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Need Detailed Info about Collectivization in USSR

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Post 11 Nov 2019, 05:44
Hello Comrades! Could you recommend me good books, articles or any kind of texts about the collectivization process in the USSR (1928-1936)? I have read many biographies about Stalin, but they do not cover the collectivization process in detail. I want something more... well, detailed! I have many doubts: How many peasant rebellions were there? The Kulaks were the only ones who killed their livestock, or this was done by all farmers in general? Did this produce the infamous famine of Ukraine? How did the Soviet Government managed to overcome the chaos of the whole process to eventually triumph and consolidate collective farming?
Note: By "good books" i mean the most objective books you know about this topic. That is, NOT Robert Conquest XD.
I already checked the library section in this forum, but there was no much info in this topic, which is why i'm now asking here.
Post 03 Jun 2020, 20:54
Sorry for so late a response comrade, but if you're still interested in the topic, I would recommend anything by R. W. Davies or Stephen Wheatcroft. They undoubtedly offer the fairest and most detailed accounts of these events in the English language, and seem to be pretty non-ideological themselves. Their work is neither sensationalist nor overtly anti-Soviet, which is why you won't find it in any big name bookstore. Instead, you'll probably need to go to a university library, or be prepared to shell out $50+ for any one of their academic books.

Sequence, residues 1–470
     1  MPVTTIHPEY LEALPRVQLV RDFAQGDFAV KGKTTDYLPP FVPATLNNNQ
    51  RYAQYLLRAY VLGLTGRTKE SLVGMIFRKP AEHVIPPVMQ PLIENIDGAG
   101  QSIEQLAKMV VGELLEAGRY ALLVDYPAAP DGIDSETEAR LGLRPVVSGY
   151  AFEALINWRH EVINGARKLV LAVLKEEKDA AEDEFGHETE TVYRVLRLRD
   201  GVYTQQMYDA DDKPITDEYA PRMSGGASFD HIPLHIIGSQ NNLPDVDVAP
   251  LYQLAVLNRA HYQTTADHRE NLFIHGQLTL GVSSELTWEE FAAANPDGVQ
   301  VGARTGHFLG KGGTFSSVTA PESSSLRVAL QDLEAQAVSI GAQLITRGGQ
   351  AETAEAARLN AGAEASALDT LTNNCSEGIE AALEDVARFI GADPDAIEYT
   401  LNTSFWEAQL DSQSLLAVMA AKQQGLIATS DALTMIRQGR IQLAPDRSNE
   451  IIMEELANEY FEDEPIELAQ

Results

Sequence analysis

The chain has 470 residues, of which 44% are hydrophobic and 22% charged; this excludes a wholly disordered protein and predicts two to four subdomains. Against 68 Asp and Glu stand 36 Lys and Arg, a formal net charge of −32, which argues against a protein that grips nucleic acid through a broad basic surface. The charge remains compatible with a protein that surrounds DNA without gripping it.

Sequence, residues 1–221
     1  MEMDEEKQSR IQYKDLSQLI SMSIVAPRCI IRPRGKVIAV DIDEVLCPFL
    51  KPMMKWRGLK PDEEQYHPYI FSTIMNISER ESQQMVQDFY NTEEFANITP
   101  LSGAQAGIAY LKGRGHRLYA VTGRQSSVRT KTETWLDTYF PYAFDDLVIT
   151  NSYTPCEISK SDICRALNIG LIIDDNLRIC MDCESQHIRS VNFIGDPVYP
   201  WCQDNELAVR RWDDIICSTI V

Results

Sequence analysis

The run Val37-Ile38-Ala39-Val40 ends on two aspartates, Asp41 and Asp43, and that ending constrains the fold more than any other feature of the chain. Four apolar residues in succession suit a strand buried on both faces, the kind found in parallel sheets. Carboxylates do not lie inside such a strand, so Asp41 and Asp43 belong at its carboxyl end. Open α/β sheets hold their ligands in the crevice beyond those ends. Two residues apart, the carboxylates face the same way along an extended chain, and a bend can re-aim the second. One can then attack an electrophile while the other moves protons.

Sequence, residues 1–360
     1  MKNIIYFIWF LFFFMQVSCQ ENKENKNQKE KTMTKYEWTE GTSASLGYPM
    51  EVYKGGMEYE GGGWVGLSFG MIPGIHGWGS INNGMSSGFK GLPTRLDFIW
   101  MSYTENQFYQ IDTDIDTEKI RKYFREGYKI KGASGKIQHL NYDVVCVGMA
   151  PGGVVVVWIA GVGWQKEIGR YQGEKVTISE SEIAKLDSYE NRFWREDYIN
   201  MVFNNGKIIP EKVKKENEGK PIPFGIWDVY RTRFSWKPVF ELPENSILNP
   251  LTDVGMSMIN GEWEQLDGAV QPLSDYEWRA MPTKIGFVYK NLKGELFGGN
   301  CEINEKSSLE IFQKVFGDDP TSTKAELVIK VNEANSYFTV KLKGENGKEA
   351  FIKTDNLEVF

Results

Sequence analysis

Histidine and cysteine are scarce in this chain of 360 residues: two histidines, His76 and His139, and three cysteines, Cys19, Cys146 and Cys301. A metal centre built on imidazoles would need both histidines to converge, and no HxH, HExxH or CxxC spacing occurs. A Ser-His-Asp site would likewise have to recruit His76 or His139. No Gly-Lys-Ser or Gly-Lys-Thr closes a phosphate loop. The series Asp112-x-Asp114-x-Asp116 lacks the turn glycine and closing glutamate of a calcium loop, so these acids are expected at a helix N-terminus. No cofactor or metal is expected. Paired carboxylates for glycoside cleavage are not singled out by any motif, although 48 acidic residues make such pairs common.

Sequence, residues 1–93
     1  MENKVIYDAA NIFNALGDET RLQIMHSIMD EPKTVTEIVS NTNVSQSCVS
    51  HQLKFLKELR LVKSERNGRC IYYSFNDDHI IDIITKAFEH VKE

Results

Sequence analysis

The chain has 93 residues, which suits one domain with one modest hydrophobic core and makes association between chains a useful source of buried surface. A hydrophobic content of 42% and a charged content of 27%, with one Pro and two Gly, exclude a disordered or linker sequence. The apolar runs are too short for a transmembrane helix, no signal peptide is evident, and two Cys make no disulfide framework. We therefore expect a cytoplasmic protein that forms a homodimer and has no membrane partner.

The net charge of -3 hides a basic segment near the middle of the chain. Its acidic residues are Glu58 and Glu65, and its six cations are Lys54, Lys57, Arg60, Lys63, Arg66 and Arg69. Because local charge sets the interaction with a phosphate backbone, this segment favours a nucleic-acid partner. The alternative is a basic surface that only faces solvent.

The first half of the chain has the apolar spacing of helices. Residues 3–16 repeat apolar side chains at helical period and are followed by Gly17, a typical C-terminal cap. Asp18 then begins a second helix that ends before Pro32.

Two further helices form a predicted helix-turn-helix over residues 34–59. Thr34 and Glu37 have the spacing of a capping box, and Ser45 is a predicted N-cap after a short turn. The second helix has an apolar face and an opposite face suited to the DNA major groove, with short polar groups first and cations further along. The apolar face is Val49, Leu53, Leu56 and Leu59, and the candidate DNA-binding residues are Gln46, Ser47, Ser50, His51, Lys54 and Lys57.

If you read Russian, or can find a version online to use google translate on, I've heard good things about "Битва за хлеб. От продразверстки до коллективизации" by Елена Прудникова. According to reviewers, it uses plenty of archival documents, and, importantly -offers an explanation on why Soviet authorities were forced to some objectively ruthless and unpopular measures to collectivize agriculture at that particular moment in history, and why previous attempts to solve the 'problem of bread', i.e. food security in Russia and the Soviet Union, weren't possible to solve either by Stolypin's reforms or the New Economic Policy.
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